The Ape/Gorilla (1940) -***
What the hell ever happened to gorilla movies, man? Back in the 40’s and 50’s, it seemed like one or two of these things came out every couple of weeks, but the closest things to a real gorilla movie I can remember hearing about or seeing during the last ten years are Congo and that completely pointless remake of Mighty Joe Young that appeared in 1998. This is a truly tragic turn of events, because as The Ape/Gorilla amply demonstrates, there’s just no substitute for a really awful gorilla movie.
As with most of the old-school gorilla flicks, The Ape also involves a scientist of questionable sanity. This man is Dr. Bernard Adrian (Boris Karloff, who one assumes was afraid that the second Hollywood horror boom would be as short-lived as the first, and wanted to make whatever money he could while he had the chance), who came to the small town where he currently resides some years ago, at the height of a polio epidemic. There were good reasons for Adrian to do so, because the doctor’s main line of research involves a radical potential cure for paralysis. (Allow me to digress for the benefit of those among my readers who were born after the mid-1970’s. Poliomyelitis, or polio for short, was a major public health problem for most of the twentieth century, before the great revolution in antibiotics mostly wiped it out, and even as late as the 60’s, just about everybody would have known someone who had had it. The disease attacks the cells of the myelin sheath, the protective covering that surrounds the axon, or transmitting end, of the patient’s nerve cells. The result, in pre-antibiotic times, was almost always permanent paralysis, either partial or total, and sometimes even death if the infection attacked the nerves of the thoracic cavity. Adrian’s line on a cure for the disease would have seemed like the purest wishful thinking in 1940, something truly in the domain of science fiction.) We will later learn that this research got Adrian into all kinds of trouble with the people who were funding it, but the doctor’s most immediate difficulties have more to do with his neighbors; like most men of science in movies of this vintage, Dr. Adrian is not a popular man. In fact, there are those who believe he caused the polio epidemic in the first place.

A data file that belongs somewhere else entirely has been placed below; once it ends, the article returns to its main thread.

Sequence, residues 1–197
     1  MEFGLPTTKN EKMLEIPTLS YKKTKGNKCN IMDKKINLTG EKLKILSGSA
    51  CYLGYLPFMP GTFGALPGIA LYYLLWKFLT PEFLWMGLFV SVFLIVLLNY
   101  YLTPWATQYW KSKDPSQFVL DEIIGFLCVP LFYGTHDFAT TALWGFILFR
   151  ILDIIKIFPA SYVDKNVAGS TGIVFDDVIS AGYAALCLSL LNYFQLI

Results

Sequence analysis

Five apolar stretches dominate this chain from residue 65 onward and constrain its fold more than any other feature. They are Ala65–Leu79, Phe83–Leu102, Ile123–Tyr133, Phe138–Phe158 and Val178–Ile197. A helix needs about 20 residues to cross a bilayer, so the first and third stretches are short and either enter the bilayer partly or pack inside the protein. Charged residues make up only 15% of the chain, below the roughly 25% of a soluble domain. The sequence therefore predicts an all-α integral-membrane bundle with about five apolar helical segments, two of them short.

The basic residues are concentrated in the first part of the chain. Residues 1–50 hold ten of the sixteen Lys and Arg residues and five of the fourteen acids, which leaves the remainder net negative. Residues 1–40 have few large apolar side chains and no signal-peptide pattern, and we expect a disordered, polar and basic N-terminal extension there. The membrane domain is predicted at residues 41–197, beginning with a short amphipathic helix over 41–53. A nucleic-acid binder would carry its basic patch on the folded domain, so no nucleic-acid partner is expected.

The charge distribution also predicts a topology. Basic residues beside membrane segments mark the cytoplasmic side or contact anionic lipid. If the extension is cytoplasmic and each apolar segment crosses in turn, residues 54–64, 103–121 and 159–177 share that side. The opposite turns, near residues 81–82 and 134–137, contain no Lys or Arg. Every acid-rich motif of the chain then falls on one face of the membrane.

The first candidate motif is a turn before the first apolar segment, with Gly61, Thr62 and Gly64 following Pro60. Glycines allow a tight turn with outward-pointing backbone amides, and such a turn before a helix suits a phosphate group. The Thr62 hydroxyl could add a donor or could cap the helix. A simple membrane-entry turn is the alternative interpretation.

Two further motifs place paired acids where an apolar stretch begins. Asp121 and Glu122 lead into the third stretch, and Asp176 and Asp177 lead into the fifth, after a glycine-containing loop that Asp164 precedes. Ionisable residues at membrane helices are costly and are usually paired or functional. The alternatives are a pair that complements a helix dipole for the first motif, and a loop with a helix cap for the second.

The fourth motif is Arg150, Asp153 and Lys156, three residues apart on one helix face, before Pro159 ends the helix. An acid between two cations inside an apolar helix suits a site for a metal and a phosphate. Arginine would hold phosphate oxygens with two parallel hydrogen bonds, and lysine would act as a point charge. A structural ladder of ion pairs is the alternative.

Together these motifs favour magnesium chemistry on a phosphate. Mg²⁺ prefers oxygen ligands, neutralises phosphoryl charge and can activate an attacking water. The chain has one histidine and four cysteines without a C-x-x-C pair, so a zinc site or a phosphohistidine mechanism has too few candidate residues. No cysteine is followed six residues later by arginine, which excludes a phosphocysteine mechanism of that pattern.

One of Adrian’s patients is 18-year-old Frances Clifford (White Pongo’s Maris Wrixon, who also turned up in The Face of Marble). She lost the use of her legs following the epidemic years before, and the doctor took a strong liking to her from the moment they first met because of the extent to which Frances reminds Adrian of his own daughter, who would have been the same age as Frances if she had lived past early childhood. Predictably, the doctor is fixated upon curing his surrogate daughter’s paralysis especially, and it is for this reason that he continues to see Frances even today, long after her seemingly hopeless case was brought to his attention. When we first meet Frances, the doctor is paying her a visit; it’s his daughter’s birthday, and he wants to give Frances a piece of spectacular old jewelry that was to have been the dead girl’s coming-of-age present. While the doctor, the girl, and her mother (Dorothy Vaughan, from The Mummy’s Ghost) talk, Adrian suggests that Frances ought to get out more often. Indeed, Adrian thinks she should get out that very night, and go see the circus that has recently come to town. Frances loves the idea, and she brings it up to her boyfriend, Danny Foster (Gene O’Donnell, from The Devil Bat and The Mad Ghoul), the moment he shows up on the Clifford doorstep.